During the pursuit the suspect led police off road and through a city park. Children were playing baseball while parents were shocked at the scene playing itself out in front of them. Shortly after the pursuit exited the park a gunfight erupted between the fleeing car and police. At the end, one suspect was shot dead.
OCPD has pledged a review of the chase as it relates to the department's pursuit policy and the Police Chief has offered to meet with the concerned parents.
From the story in The Oklahoman:
John Phillips' sister died in 2001 when her car was hit by a vehicle police were chasing in Florida. Phillips operates a website, pursuitwatch.org, that tracks pursuit statistics and policies.
Phillips said officers have to be trained to recognize that their job isn't always to make an arrest. Sometimes, protecting the public means stopping a chase before it gets too dangerous, and chasing a stolen vehicle through a park where children are playing would obviously fit that category, he said.
“It's fortunate that no one else was hurt,” Phillips said. “If you continue to pursue like this and allow your officers to get in these situations, it's a matter of time before an innocent person is injured or killed.”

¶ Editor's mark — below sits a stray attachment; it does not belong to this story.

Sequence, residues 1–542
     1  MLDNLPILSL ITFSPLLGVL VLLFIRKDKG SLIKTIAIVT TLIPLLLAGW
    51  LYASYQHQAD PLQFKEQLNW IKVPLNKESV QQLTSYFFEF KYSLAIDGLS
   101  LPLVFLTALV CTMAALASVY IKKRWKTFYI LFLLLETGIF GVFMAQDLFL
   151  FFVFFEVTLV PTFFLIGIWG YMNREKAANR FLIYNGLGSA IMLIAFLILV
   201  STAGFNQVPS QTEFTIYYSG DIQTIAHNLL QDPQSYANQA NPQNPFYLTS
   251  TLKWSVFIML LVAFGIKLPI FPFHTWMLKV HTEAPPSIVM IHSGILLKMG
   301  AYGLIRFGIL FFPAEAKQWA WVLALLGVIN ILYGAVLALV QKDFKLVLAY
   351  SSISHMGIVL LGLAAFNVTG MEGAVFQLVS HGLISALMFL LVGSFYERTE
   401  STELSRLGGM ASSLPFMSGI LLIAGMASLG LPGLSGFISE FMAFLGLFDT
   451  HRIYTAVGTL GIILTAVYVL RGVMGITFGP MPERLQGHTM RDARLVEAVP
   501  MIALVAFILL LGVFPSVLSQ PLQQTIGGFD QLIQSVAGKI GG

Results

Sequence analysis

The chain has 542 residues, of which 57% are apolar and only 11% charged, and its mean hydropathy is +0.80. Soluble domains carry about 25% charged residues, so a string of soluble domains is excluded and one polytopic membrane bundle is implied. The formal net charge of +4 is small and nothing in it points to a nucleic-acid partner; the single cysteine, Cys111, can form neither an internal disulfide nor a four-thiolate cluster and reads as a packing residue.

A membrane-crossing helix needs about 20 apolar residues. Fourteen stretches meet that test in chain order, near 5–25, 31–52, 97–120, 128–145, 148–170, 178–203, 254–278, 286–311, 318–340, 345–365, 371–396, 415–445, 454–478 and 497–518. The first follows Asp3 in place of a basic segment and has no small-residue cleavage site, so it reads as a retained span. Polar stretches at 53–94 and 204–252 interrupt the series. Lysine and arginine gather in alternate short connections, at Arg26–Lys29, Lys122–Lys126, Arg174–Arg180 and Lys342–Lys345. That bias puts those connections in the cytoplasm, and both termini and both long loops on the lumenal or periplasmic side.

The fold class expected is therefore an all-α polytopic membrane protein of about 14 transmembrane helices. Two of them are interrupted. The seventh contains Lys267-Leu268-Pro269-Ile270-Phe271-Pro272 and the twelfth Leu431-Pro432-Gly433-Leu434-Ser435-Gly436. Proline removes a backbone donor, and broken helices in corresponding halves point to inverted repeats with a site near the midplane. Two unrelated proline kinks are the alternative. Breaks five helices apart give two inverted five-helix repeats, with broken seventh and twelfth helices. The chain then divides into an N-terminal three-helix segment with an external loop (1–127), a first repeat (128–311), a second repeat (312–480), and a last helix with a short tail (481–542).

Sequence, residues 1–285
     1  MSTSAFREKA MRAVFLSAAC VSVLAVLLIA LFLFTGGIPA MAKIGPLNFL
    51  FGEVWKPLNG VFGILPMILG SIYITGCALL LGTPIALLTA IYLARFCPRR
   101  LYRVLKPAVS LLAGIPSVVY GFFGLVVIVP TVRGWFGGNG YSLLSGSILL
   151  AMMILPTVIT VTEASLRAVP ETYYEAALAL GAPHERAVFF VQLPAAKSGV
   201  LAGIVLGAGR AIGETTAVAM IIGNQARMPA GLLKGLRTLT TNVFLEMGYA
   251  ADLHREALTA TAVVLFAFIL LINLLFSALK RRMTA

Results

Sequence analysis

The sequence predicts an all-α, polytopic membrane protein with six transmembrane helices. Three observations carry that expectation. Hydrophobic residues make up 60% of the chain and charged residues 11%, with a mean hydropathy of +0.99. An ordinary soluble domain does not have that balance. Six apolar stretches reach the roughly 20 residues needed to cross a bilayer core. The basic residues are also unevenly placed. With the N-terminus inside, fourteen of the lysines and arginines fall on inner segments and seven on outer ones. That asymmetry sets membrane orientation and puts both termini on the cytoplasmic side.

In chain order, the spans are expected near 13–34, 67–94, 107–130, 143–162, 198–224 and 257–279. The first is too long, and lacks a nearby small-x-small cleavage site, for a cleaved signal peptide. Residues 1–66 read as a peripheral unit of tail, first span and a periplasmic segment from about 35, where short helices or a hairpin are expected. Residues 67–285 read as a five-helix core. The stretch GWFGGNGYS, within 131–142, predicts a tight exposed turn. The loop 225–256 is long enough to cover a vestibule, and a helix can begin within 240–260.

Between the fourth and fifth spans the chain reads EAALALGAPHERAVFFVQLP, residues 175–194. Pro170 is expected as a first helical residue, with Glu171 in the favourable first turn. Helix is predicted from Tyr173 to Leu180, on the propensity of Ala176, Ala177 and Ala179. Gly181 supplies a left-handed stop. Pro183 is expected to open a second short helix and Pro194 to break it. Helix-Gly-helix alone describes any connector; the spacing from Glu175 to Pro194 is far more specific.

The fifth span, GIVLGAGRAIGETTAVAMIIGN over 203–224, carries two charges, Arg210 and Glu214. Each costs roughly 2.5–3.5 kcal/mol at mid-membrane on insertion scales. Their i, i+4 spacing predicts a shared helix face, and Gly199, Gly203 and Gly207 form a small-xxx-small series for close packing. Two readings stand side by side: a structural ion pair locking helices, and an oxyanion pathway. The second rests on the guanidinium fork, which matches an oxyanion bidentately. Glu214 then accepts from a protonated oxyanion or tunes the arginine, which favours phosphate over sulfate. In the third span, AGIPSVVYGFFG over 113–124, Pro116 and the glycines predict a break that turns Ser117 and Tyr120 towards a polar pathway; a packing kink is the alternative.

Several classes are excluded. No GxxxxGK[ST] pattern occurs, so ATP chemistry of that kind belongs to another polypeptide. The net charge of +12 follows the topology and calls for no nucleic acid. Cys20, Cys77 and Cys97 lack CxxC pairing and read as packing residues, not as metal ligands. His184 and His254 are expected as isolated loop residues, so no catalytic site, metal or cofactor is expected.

Further, the department adopted an updated policy in 2006 after several deadly chases. The change required a supervisor to monitor the chase over the radio and determine if the circumstances were too dangerous to continue. Of course, there are several problems with a policy like this. First, since a majority of pursuit crashes occur within the first 2 minutes of a chase, relying on a supervisor to appropriately judge the conditions in time is very difficult. Next, conditions can often chance so fast that the decision to call off a pursuit might be too late. It is best to have a clear policy that states which crimes warrant a pursuit and not rely so much on conditions and supervisor intervention.